By: Kelvin Chiringa
A contingent of Namibian and Zimbabwean artists brought down the lights at the Warehouse Theatre this past weekend at a massively attended Oliver Mtukudzi tribute show.
The joint opened its doors on Friday by 1700hrs and in no time, celebrated Zimbabwean born Djembe drummer, Slickatie mounted the stage with a fully powered band and backing vocalists before diving into Tuku’s decades-old all-time hits.
The entire show got hijacked by an exhilarated audience which sang in unison, united by the power of the Tuku sound and the emotion of loss.
The Katekwe legend breathed his last in a Zimbabwean private clinic after a long battle with illness, plunging the world into mourning.
His own people declared him a national hero and his family whisked him away from a possible burial at heroes’ acre to the village.
As many countries lined up shows of commemoration soon after his passing, it seemed Namibia came out a little late.
The tribute brought to the fore one of the most memorable performances witnessed so far.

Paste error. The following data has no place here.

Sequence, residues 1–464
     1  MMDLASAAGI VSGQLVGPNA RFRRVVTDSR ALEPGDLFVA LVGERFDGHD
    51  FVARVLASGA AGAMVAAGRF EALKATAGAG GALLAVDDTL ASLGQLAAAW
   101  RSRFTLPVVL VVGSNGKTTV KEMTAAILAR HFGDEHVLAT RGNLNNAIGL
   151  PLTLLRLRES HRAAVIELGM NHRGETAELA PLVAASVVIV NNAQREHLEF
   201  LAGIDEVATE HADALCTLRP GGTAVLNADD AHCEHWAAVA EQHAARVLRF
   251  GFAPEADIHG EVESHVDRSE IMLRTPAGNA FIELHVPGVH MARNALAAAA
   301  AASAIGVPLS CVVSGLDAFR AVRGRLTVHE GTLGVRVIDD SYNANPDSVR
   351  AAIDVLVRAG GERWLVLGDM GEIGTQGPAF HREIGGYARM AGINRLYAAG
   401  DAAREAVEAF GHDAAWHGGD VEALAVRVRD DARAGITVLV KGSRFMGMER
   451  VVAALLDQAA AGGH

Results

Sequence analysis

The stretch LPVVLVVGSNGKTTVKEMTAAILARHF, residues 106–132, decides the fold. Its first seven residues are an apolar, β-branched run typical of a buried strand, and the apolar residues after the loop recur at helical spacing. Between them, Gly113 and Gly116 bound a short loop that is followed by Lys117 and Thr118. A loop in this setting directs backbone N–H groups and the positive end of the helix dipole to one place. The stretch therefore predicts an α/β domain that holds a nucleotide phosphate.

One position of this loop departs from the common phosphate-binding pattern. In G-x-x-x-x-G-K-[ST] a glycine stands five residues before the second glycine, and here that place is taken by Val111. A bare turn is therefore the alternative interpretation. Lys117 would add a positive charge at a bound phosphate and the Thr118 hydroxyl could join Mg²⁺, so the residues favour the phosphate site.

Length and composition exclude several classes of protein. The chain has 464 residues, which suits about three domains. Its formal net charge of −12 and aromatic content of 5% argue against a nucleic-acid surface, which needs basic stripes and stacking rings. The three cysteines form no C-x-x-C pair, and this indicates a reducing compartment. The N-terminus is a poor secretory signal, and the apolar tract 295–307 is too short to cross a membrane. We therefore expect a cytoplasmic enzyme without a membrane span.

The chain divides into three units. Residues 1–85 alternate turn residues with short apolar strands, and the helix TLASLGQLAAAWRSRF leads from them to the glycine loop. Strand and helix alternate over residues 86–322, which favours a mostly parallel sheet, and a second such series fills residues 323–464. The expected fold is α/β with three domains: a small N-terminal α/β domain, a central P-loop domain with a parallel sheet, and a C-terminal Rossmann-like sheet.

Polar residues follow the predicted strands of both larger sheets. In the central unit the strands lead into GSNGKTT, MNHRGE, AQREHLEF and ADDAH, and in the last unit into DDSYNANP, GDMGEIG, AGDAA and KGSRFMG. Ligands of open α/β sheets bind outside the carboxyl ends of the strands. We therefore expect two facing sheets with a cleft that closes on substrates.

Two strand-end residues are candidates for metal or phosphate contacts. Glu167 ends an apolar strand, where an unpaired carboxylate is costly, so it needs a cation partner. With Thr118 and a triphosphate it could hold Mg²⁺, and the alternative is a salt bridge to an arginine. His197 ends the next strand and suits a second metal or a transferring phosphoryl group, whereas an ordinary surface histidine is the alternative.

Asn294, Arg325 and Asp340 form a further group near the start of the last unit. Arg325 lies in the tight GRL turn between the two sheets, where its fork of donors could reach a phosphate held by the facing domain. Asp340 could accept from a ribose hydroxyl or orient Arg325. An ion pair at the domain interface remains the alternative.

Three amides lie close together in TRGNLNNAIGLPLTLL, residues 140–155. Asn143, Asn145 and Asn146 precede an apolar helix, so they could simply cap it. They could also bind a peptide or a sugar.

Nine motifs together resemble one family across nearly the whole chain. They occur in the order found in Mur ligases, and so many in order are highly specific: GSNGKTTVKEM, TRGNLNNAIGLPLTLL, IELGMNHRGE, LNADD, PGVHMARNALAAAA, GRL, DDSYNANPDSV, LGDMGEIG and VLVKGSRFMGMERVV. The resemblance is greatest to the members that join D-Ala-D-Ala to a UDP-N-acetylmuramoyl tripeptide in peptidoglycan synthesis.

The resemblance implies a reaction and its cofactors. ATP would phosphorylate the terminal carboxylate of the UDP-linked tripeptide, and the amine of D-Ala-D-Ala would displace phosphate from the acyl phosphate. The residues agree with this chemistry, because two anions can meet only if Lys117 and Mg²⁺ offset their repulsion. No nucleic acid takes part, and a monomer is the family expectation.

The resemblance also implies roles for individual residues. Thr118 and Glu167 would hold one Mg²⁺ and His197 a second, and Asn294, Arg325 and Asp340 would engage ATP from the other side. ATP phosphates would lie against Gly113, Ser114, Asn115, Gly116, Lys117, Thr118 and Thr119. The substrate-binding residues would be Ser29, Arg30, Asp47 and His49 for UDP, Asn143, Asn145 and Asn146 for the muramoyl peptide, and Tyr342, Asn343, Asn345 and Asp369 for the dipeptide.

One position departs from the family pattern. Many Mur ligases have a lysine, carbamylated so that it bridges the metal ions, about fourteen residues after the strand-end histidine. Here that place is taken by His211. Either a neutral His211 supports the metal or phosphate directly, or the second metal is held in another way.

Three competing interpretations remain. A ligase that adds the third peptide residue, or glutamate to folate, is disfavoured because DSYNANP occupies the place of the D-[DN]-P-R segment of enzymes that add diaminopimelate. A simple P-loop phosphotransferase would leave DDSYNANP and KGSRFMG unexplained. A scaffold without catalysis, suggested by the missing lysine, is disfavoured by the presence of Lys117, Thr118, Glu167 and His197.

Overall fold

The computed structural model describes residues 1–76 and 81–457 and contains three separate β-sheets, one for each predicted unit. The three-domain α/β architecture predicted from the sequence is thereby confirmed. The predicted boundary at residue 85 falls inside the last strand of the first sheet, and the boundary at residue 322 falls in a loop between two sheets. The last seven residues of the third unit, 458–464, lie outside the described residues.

This time, Warehouse was star-studded.
The carnal expectancy that built up as the show drew close was almost palpable and the crowds that turned up filled the theatre to capacity.
Jackson Wahengo brought the fury of his fast-paced sound which was chopped to bits and pieces by his dangerous guitar as he belted ghetto songs of struggle and survival.
Flourishing a Zimbabwean flag and strumming his guitar like a mystical freedom fighter, he blew the hearts of many as he drifted into an old-time ballad Yave Nyama Yekugocha.
Slickatie’s band intermittently jumped on stage dishing out a variety of some of the internationally celebrated tunes off Tuku’s 66 albums.
By the time multiple-award winning crooner, Elemotho Mosimane rocked the stage, the entire event was booze and sweat as bodies gyrated to the throbbing rhythm of the African heartbeat.
He gave a beautiful performance as his voice pulsated into the night in carefully selected Shona words and everything turned exquisite, exotic.
As the night thickened out over Windhoek, it was clear that the irresistible power of music had brought a uniting force between Zimbabweans and Namibians who went wild to their all-time favourite, “Todii”.
It was when Slickatie introduced reggae behemoth Ras Shehama that screams shot up to the skies.
His imposing presence was enough to escalate the chaos.
As he dangerously bellowed into the mike in a rich accentuated patois, it was clear that he would crown the event to pass as one of the best so far for 2019.
He brought out some of his old-time tunes and pulled an enthralling Lucky Dube rendition, “Back to my roots” which sent beer mugs spilling.
The tribute eternalised Tuku and demonstrated the love he drew from this side of the continent.